When you think of premier bodycheckers in hockey you think of Tim Horton, Eddie Shore, Lionel Hitchman and Scott Stevens. Well Leo Boivin belongs in this category as well. Boivin was known for his explosive hits to break up rushes, and he almost always skated away with the puck.
In fact Tim Horton himself claimed that Boivin was the toughest defenseman to beat in the entire league. This is somewhat amazing considering "Fireplug" stood only 5'8" tall and weighed anywhere from 170-185 pounds
Boivin was born and raised in Prescott, Ontario, a small town near the St. Lawrence river. Like many youngsters in the area, the River was a big part of Leo's childhood. In the summer he would swim and fish there. But it was the winter came that really made Leo happy. That's when the river would freeze over, and water became a host to hockey.
"We had many a hockey game on the St. Lawrence River. We had some open air rinks close by and anytime the river was frozen, we'd go there and skate too. I remember being skates since I could walk," Leo told Brian McFalone in his excellent book "Over The Glass And Into the Crowd."
Leo Boivin started his career with the Toronto Maple Leafs in 1951-52 where he played in only 2 NHL games. Then he was sent down to the AHL. He began in the NHL full time the next year. He remained in Toronto until 1955 when he got traded to the Boston Bruins. It was in Boston where he really became a top notch defensemen. He starred in Boston for 11 years. Leo helped Boston get into the cup finals in 1957 and 1958 where they lost both times to Montreal.
Boston then fell on some hard times when they finished in last place for three years straight. Boivin was on the move once again this time to the Detroit Red Wings. He helped the Wings to the Cup finals in his first year there. Leo then went on to play for Pittsburgh and Minnesota. The North Stars released him in the summer of 1970, and instead of taking an offer to join Punch Imlach's Buffalo Sabres, Leo opted to retire.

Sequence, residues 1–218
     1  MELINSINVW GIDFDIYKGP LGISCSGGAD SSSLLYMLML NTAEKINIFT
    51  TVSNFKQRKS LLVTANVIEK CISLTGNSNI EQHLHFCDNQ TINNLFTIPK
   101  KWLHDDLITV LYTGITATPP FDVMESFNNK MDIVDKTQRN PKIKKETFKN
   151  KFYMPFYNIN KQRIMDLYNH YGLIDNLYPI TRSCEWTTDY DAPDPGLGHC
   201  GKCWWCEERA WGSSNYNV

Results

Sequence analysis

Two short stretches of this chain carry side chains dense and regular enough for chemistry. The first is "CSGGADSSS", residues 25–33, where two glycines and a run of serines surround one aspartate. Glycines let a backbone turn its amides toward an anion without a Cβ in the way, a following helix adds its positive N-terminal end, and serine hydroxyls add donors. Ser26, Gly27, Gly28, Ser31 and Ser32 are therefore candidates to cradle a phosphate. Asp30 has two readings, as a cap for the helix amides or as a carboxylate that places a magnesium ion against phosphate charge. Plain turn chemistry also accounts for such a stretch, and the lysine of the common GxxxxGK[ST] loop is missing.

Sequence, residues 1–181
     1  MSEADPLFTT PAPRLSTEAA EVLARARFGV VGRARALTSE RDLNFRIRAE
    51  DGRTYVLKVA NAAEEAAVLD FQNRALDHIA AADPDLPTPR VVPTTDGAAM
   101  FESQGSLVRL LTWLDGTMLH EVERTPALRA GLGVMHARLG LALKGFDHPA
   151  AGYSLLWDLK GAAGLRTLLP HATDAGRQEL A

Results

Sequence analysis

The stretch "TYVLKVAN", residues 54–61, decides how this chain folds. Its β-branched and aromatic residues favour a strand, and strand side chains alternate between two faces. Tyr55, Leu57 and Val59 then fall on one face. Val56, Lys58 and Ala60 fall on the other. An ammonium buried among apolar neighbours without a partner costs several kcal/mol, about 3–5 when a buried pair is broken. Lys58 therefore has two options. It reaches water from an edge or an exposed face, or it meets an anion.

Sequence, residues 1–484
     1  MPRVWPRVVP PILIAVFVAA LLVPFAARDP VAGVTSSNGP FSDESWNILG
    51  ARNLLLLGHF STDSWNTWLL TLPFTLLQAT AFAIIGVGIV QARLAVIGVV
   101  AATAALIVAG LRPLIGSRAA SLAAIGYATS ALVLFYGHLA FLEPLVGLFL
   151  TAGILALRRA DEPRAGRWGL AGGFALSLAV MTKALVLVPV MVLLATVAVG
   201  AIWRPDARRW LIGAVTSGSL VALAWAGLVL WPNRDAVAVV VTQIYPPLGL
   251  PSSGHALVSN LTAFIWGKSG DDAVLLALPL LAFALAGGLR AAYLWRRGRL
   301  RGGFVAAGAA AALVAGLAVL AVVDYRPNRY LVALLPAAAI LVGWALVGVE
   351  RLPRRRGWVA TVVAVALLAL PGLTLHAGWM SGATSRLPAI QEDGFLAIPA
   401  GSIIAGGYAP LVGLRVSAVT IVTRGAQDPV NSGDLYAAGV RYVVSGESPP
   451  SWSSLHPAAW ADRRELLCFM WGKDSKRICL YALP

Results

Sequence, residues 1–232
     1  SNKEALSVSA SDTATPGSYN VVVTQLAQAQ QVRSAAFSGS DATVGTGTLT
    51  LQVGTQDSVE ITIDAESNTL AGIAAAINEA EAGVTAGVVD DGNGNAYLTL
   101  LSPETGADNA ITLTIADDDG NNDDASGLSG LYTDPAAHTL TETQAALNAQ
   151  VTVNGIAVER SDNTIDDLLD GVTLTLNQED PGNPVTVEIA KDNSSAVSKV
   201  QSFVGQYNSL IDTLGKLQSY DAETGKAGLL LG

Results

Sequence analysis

When Boivin, who captained the Bruins from 1963 to 1966, retired he finished with 72 goals and 250 assists for 322 points and 1192 PIM. But fans will always remember him for his body checking skills. Foster Hewitt said it best when he described this particular play involving Boivin and the great Frank Mahovlich.
"Mahovlich has a breakaway! He's at the Boston blue line. Only Boivin between him and the goal. Big Frank dekes left. Now he shifts right, trying to sweep around the burly Boston defenseman . . . WHAMMO! `Uh-oh! Boivin catches No. 27 with a wicked hip check. Frank does a cartwheel. Now Boivin has the puck . . . ''
He remained active in the sport after retirement, serving as a coach and a scout. He even briefly coach the St. Louis Blues twice. In both stints he was filling in as an interim coach, but he preferred to scout. After a decade in St. Louis Boivin followed Emile Francis to Hartford and scouted for the Whalers until he retired as a scout in 1993.
Enshrined in the Hockey Hall of Fame in 1986, Leo has been enjoying retirement life since the early 1990s. After years of travel as a scout he rarely leaves his home back near the St. Lawrence River. Life is a complete circle for Leo. He grew up care free along the St. Lawrence, and now he's back there.